Well its Purim and many of us taught that we eat hamantaschen because Haman, the villain of the Megillah, wore a tri-cornered hat but there is no evidence that Haman wore a triangular hat. You might also be surprise to learn that Swedes have a suspiciously similar cookie, called Napoleon’s Hats or Napoleonhattar, which are traditionally filled with almonds. That actually makes a certain degree of sense: Tri-cornered hats were popular in Napoleon’s time. In Hebrew hamantaschen are called Oznei Haman, or Haman’s ears; but Haman probably did not have triangle shaped ears either. So what’s the deal? Here is where tradition tends to make something very simple complicated.
The tricorned hat, or cocked hat, was a simple adaptation of the wide brimmed hat worn by Spanish common soldiers in the 17th Century. As these soldiers transitioned from axes and pikes to muskets, they began to turn up the brims of their hats to keep from becoming entangled with the musket as they marched. In northern Europe, these same soldiers, now Prussians, Russians, and French, also oppressed Jews so it is natural that we vilify this utilitarian piece of soldier’s kit by associating it with tyrant – Haman.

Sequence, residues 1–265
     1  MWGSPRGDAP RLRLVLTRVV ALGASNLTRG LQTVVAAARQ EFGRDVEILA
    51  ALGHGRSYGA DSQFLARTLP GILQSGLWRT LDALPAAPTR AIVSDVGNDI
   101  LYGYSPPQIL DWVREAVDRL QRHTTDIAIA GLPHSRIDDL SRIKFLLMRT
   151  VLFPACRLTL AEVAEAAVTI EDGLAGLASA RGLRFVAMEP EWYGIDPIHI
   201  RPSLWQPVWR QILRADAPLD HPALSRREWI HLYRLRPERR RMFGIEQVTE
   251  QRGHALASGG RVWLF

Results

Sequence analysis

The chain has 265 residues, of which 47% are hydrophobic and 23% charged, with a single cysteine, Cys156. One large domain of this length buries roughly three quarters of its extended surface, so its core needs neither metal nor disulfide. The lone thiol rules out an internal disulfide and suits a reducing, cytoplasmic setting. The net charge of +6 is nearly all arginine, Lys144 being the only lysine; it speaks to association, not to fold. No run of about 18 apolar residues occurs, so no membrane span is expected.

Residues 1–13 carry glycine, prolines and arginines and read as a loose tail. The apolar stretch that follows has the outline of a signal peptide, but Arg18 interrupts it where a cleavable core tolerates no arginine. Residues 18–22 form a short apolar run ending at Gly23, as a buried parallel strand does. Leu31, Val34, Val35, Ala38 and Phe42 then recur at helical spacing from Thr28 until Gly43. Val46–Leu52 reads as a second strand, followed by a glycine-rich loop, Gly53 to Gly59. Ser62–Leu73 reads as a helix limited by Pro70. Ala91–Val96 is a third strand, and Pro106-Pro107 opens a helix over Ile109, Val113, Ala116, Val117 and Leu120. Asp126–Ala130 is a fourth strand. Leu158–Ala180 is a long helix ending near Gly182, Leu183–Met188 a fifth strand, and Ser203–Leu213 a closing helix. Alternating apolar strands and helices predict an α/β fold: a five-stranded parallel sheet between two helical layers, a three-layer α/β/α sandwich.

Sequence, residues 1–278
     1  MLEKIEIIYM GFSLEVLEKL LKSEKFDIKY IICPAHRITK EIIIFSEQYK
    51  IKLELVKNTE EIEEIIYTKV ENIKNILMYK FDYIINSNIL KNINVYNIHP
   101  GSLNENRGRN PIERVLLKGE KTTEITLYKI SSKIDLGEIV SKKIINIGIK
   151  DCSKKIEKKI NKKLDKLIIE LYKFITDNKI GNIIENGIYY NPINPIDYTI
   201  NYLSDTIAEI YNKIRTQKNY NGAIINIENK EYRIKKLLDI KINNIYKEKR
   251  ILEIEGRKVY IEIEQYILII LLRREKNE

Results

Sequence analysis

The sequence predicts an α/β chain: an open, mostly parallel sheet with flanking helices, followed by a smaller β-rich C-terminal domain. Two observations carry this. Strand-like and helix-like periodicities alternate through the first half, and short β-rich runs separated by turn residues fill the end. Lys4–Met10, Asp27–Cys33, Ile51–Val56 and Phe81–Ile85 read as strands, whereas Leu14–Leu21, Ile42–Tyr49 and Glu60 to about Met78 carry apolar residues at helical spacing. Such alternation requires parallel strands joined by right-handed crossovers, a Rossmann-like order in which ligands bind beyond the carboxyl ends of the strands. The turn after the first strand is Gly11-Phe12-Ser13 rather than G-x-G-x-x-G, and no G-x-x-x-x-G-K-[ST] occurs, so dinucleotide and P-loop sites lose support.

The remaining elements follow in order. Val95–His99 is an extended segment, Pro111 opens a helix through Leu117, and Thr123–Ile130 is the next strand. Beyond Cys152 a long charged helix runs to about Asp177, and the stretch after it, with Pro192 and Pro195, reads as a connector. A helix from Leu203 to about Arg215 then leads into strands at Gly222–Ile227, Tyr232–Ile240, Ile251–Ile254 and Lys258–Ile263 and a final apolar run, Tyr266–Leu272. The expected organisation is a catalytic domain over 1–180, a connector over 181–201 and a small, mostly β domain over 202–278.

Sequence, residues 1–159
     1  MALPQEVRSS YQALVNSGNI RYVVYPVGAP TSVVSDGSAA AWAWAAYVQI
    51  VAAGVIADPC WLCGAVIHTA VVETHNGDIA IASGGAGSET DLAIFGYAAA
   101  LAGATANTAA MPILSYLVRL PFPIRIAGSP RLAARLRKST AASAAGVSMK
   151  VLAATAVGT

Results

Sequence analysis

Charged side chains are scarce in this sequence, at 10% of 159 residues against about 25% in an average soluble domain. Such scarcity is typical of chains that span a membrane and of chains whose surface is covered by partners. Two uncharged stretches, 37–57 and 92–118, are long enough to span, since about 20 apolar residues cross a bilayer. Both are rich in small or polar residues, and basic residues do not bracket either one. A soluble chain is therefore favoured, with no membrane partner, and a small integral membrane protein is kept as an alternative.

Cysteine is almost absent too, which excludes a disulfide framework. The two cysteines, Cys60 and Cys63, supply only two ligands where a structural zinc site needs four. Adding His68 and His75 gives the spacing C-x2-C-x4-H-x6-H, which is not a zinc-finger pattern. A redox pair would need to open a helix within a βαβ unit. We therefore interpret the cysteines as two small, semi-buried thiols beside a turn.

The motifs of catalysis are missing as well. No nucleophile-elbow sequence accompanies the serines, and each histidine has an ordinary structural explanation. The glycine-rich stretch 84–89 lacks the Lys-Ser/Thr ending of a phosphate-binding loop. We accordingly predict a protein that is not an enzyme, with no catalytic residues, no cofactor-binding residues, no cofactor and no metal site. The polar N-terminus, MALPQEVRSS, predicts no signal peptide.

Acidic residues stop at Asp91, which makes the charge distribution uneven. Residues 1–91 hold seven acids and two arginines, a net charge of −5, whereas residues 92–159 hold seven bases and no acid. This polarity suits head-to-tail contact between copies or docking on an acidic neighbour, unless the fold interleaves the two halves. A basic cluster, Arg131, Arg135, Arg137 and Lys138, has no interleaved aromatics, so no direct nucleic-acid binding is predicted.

On a side note, another military group is also strongly associated with tricorned hats, Pirates, and there too is Jewish connection. Jewish pirates were typically Sephardim who in the years following the Alhambra Decree ordering the expulsion Jews from Spain and Portugal (1492). Fleeing Spain and Portugal, some of these Jews became pirates and turned to attacking the Catholic Empire’s shipping as both barbary corsairs and privateers bearing letters of marque from Spanish rivals such as the United Netherlands. When the Spanish discovered gold and silver in the Americas, this campaign became a profitable strategy of revenge for their expulsion and the Inquisition’s continued religious persecution of their Jewish and converso brethren in both the Old and New Worlds.
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